In 722 B.C. ten of the twelve tribes of Israel were decimated by the conquering Assyrians reducing their number remarkably. Less than 50 years later, the two remaining two tribes were led into exile by the Babylonians. Almost a century passed until small increments of the people began returning to their homeland. Even within this purified remnant there were a multitude of factions formed, each opposing one another and claiming that only members of their faction were going to be saved.

With that as background, as we see the circles of the funnel getting smaller and smaller, if you were in Jesus’ class, your question, too, might be: “Lord, are only a few going to be saved?” Has the universal intent of God been reduced to simply an exclusive few?

To counter that conclusion, God again acted decisively by providing, not an exclusive few, but an exclusive ONE. Because God loved the world so much, this same Jesus who is being questioned in this text would complete his journey to Jerusalem and there change the course of human and salvation history by his innocent, sinless, and horrific death on a cross. And his victorious resurrection was God’s declaration that the salvation funnel had been turned upside down. A new day had dawned to shed the light of God’s love out from the tunnel of the funnel out to the circumference of the earth. The invitation to be saved is now extended to and available to everyone. All they have to do is accept what God has already done for them through his son to become a part of the exclusive and expanding number. When they do our text says: “Then people will come from east and west, from north and south, and will eat in the kingdom of God.”

That is the exclusive mission of those who are being saved – to go into all the world and make disciples, to increase and include more and more inside the circle of God’s loving relationship. That takes courage and discipline. Our words must be clear and our actions exemplary lest by trying to save others we ourselves might be lost. Jesus exhorts us to “strive to squeeze through the narrow opening,” and the translation – “strive” – doesn’t capture the Greek original which is to agonize, meaning put your heart and soul into the effort, give it all ya got. Jesus adds his prophetic voice to the difficulty and urgency by declaring there is a cut-off point, a day of judgment, when “the owner of the house has got up and shut the door.” After that it’s too late.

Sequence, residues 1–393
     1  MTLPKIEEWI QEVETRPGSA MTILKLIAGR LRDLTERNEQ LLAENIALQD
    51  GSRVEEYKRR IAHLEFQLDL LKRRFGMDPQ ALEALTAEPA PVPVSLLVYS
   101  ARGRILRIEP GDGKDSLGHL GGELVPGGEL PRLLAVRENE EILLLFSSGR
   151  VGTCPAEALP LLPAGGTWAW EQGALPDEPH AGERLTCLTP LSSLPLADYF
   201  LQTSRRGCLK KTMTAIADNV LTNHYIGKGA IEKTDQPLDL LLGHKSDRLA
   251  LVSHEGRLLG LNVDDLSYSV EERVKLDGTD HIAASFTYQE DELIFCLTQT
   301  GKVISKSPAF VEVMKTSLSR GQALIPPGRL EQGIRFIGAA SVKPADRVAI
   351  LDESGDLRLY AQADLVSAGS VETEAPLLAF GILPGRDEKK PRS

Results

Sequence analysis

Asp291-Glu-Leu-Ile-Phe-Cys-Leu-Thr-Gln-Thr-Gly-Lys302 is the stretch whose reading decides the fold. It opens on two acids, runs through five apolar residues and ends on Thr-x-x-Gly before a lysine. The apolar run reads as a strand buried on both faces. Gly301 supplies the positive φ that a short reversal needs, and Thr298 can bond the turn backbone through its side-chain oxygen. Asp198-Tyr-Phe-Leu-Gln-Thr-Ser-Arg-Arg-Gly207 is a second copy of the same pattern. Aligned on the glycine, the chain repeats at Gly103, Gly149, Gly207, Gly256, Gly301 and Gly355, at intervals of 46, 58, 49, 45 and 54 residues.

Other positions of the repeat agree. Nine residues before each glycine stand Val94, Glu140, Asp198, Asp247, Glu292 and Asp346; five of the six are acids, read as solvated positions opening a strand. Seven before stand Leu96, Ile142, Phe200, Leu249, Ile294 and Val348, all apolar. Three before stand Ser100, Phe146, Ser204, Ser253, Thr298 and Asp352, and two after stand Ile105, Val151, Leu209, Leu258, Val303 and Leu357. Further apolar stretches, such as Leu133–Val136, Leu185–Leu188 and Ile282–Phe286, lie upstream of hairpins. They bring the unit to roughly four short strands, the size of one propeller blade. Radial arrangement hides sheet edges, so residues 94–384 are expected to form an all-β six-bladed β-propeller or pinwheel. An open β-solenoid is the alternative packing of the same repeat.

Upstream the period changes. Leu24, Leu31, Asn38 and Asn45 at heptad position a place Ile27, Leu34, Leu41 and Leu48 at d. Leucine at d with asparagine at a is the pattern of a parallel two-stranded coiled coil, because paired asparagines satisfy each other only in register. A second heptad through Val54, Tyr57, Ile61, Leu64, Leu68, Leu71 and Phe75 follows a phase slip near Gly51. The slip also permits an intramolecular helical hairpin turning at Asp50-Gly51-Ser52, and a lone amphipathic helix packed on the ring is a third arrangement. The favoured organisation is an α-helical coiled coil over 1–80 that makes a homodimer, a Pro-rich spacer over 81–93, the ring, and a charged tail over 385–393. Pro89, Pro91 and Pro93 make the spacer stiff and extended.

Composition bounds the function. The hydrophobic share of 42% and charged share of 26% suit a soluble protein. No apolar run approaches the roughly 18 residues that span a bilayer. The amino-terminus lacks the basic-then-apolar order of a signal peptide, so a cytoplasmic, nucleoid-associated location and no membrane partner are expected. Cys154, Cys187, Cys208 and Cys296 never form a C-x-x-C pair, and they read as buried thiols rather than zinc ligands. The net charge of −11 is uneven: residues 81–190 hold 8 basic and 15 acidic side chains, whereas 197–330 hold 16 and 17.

“Lord, will only a few be saved?” It seems the tide of time had turned the funnel the other way again. Instead of increasing, the number who profess and express their faith in God continues to decline almost exponentially. The voice of the Church is weakened by opposing denominations and factions and members who fail to strive for the narrow door. Each of us must renew our total commitment and put all of our effort, skill, and determination to insure that the few who will be saved become the many, so that when we sit down to eat the banquet feast in the kingdom of God, the banquet hall will be filled, and we can recognize many faces which smile in your direction and say, “We are here because of you.” That will make you really exclusive.


other sermons in this series

Sep 1


Signs of the Church: Humility

Preacher: Rev. Jack Meehan Scripture: Luke 14:1–14:14 Series: Signs of the Church

Aug 18


Signs of the Church: Division

Preacher: Pastor Braun Campbell Scripture: Luke 12:49–12:53 Series: Signs of the Church

Aug 11


Signs of the Church: Peace

Preacher: Rev. Jack Meehan Scripture: Luke 12:22–12:34 Series: Signs of the Church